|Typically Open:||Year Round|
|Permit Information:||Permit Required - Click Here|
|Duration:||About 2 hours|
|Shape of Trail:||Loop|
|Best Direction to Travel:||East|
|Nearest Town w/ Services:||Ajo|
|Official Road Name:|
|Management Agency:||Organ Pipe National Monument|
Organ Pipe Cactus National Monument was created in 1937 as a way to preserve a representative area of the Sonoran Desert. The new monument was part of a movement in the National Parks to protect not just scenic wonders but also the ecological wonders of the country. Over 75 years later, Organ Pipe Cactus is now one of the best preserved examples of the Sonoran Desert wilderness. Within the monument, signs of human use are also preserved and protected. The monument is the site of culture and history that reflect long, widespread and diverse use by American Indian, Mexican, and European groups. The intersection of these three cultures is significant archeologically, geographically, and internationally. Gentle spring rains, turbulent summer skies, and the penetrating sun set the stage at Organ Pipe Cactus National Monument. Volcanic layered mountains, ribbons of washes and expansive valleys are the backdrop for this International Biosphere Reserve. Species of plants and animals that have adapted to desert life present themselves in daily and nocturnal performances. Take a front row seat along a scenic drive, a wilderness hike, or camping among the stars. Over a hundred miles of scenic drives, dozens of miles of hiking trails, campgrounds, new exhibits and ranger programs help you experience, observe, and explore the American Desert. Source: http://www.nps.gov/orpi/learn/index.htm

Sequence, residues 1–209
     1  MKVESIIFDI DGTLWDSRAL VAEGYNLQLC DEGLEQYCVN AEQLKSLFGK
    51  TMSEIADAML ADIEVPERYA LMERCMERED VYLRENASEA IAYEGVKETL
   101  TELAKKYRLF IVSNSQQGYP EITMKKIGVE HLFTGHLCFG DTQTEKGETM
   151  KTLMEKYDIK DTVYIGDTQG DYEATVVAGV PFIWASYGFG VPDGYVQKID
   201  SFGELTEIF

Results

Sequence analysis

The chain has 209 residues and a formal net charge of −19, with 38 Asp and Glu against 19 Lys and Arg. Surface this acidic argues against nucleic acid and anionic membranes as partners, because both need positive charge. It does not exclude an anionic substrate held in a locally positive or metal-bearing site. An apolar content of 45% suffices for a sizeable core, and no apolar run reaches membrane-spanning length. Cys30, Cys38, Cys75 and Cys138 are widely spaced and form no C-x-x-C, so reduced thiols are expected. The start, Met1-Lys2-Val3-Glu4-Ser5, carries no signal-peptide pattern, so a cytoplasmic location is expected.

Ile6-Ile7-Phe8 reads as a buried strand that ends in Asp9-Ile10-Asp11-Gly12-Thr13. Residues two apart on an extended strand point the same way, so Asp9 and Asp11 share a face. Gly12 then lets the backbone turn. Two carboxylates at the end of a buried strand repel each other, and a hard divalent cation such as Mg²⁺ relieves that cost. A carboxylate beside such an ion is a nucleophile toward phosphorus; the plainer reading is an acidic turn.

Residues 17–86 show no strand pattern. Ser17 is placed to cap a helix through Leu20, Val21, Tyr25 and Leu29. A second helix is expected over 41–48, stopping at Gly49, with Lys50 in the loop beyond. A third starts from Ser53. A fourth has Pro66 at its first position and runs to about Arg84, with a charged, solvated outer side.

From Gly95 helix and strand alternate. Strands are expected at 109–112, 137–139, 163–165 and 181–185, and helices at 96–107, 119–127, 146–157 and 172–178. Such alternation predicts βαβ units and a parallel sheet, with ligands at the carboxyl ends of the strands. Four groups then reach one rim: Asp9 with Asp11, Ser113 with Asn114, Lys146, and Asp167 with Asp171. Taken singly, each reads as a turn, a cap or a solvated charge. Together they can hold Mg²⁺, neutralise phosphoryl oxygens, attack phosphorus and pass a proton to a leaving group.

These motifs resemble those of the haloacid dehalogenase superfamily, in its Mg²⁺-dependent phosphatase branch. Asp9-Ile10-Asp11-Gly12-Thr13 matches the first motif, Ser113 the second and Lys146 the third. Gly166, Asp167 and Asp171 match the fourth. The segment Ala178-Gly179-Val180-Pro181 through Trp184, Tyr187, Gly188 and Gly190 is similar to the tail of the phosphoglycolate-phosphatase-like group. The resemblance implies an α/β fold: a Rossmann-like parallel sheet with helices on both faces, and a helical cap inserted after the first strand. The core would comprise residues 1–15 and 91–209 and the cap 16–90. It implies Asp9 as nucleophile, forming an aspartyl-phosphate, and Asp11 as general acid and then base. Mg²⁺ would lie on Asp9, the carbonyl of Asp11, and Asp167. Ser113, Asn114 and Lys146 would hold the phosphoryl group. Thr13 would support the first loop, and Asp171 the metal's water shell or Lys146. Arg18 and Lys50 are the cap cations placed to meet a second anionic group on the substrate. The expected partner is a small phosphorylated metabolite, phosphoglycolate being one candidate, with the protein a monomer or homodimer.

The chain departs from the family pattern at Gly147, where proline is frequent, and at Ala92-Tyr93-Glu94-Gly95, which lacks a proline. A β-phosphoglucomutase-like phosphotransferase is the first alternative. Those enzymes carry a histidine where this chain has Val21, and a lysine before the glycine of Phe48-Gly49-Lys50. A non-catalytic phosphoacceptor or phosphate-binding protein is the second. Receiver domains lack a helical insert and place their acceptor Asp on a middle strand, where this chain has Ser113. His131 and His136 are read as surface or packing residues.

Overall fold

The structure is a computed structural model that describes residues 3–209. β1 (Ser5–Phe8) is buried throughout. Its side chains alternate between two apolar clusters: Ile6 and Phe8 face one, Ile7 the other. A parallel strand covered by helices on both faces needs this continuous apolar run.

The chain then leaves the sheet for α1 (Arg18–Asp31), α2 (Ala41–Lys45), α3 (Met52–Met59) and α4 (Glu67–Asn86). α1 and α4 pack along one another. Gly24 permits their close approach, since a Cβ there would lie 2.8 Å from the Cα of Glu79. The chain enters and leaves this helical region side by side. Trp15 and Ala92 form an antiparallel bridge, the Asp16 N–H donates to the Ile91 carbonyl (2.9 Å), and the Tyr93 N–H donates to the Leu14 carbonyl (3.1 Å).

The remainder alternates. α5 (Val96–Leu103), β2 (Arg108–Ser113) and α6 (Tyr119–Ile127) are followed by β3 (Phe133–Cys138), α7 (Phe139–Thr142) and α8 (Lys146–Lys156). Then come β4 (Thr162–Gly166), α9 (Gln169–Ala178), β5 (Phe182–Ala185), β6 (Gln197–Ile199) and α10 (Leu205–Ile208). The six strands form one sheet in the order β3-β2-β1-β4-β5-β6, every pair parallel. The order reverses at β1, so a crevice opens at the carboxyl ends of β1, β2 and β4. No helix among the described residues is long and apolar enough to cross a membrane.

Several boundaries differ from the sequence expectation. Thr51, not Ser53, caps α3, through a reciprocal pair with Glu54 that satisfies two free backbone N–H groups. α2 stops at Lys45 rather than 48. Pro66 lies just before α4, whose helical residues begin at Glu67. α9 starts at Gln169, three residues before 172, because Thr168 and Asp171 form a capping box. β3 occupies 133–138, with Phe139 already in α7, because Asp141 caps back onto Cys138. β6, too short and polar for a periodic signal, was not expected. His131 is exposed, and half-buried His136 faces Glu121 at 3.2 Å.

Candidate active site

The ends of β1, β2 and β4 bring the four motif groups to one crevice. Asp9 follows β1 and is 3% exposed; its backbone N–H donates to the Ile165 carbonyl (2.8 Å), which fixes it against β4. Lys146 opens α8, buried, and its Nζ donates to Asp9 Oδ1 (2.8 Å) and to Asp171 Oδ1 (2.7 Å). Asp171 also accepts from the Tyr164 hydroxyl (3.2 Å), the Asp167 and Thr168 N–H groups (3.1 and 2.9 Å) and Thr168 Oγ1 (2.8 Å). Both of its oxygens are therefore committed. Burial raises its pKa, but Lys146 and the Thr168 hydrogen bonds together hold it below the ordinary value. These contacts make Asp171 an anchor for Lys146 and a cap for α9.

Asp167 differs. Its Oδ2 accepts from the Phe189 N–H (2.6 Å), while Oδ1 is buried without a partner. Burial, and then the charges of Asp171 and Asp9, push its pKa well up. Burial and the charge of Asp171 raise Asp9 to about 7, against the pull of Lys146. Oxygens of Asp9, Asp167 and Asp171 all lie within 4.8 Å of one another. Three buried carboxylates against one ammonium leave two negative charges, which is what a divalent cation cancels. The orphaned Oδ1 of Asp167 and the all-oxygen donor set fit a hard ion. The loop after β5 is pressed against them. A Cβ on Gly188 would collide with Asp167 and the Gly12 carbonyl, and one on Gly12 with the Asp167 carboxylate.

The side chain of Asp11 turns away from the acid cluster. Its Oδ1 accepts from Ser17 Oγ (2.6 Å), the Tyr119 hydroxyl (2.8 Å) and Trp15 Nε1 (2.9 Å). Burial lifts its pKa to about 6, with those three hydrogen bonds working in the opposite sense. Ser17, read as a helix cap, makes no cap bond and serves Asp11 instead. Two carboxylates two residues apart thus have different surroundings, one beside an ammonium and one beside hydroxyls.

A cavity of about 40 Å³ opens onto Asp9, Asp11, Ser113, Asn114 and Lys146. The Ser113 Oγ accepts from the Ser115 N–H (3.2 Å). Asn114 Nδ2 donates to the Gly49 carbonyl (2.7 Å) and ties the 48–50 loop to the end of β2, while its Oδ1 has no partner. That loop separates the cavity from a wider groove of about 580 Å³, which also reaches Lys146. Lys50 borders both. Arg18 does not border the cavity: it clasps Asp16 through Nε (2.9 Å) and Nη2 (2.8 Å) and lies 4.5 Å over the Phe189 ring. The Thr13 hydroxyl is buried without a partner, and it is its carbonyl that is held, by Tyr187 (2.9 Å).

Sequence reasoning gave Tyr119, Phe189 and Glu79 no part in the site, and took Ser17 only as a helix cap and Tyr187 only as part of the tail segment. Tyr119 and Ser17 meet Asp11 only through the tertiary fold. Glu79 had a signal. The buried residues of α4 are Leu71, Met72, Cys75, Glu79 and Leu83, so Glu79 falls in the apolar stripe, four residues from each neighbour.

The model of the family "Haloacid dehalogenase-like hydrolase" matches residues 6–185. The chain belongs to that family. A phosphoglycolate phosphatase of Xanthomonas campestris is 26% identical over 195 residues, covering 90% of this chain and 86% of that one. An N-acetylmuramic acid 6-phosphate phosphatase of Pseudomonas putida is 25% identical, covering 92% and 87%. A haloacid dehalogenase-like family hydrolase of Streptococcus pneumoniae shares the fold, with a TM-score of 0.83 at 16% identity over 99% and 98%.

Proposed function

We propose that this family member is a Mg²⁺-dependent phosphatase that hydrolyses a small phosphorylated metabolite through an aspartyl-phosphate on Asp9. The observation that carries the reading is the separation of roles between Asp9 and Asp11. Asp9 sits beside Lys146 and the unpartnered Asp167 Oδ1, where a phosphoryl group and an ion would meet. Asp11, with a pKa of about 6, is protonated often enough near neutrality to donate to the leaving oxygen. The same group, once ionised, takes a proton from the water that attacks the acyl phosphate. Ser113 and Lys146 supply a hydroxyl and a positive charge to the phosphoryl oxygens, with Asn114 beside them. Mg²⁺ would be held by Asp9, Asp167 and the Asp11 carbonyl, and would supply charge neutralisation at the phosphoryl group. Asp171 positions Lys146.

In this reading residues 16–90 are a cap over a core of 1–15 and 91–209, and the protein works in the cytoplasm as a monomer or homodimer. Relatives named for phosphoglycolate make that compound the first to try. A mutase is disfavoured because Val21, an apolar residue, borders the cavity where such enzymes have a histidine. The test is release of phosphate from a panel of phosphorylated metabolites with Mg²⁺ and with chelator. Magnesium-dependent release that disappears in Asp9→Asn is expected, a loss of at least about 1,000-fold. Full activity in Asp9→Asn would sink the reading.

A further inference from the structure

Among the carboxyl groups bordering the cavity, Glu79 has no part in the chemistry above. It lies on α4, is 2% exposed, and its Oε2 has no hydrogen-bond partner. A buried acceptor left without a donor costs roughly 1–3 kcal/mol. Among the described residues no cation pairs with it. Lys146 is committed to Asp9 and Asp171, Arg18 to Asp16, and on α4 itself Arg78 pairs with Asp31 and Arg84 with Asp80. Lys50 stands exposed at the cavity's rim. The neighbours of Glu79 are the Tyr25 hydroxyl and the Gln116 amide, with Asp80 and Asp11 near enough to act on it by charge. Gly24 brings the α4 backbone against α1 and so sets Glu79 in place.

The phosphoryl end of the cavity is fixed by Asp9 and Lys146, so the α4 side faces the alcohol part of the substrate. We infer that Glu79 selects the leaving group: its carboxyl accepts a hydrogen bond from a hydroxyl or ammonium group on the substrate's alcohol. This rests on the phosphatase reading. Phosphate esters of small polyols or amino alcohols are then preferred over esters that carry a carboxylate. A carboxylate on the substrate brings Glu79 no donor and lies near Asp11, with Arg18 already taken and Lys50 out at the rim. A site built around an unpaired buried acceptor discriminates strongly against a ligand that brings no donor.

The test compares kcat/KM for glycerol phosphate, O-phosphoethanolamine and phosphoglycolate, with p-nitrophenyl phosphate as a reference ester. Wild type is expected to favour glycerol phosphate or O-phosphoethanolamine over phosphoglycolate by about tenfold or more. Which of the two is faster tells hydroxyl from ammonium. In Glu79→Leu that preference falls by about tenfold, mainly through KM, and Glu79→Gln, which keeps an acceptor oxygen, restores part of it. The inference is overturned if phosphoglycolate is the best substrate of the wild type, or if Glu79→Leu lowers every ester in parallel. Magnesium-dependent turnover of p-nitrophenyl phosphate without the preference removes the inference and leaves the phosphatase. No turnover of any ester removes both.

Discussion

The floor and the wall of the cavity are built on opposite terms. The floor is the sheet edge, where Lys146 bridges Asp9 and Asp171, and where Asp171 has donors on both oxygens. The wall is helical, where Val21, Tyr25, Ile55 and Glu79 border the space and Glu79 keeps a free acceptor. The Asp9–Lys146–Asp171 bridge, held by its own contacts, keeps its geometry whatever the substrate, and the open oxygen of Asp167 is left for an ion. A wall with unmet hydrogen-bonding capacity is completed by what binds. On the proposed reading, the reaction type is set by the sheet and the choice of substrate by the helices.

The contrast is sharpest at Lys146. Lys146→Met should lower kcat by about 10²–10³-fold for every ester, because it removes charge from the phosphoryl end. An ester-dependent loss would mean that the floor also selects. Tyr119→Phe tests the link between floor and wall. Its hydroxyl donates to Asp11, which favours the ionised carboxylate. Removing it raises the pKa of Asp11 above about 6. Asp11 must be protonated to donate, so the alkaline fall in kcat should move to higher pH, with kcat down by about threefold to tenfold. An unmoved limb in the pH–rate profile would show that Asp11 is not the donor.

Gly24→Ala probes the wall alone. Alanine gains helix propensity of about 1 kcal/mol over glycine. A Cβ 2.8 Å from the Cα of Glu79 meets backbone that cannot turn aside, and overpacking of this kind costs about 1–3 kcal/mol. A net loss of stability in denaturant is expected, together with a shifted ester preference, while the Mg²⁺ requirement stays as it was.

Dirt and/or rocky road. Potential rocks and/or tree stumps less than 5" tall and/or vertical ledges less than 5" tall and/or near vertical ledges or waterfalls less than 6" inches. Good tire placement likely. Can be steep, but with good traction.Read more about our rating system
After obtaining the required permit at the Ranger station, begin the loop by crossing highway 85 through the gate and onto the dirt road. There are large mile marker signs all along the ONE-WAY route. Please ensure that you do not turn around to return to the beginning. The route must be ran in one direction.
Please note all the signs and message boards in the area. There are quite a few things to read along the route. The beginning has warnings and other important information you should read before beginning your journey into this specific desert area.
On the left is a covered picnic area with great views of the surrounding area. No facilities at this location.
You will see the large canyon coming into view as you approach the area. There is a large parking area that can be used while you hike this incredible canyon and possibly climb up to the arch of which the trail is named. Look up high to see the natural wonder.
Estes Canyon picnic area is another wayside sheltered table area. This one does have vault type toilets. There is another great hiking trail that is roughly 3.5 miles long. It climbs over 1000 feet to the top for views that stretch for 20 miles in all directions.
When you travel roughly 21 miles you will come to a stop sign. Turn left, southwest at the stop sign, returning to highway 85, turning right will begin the loop again.
Senior and Access passes are honored for a 50% discount on individual campsites. •Twin Peaks Campground: $16 per night Tent and RV camping. No reservations- first come, first served basis. More> •Alamo Canyon Primitive Campground: $10 per night Primitive tent camping. More> •Backcountry Camping: $5 per permit Register in person at Kris Eggle Visitor Center. More> •Group Camping Available by reservation, contact the visitor center at 520-387-6849 x7302 for more information. No senior or access pass discounts on group sites. http://www.nps.gov/orpi/planyourvisit/fees.htm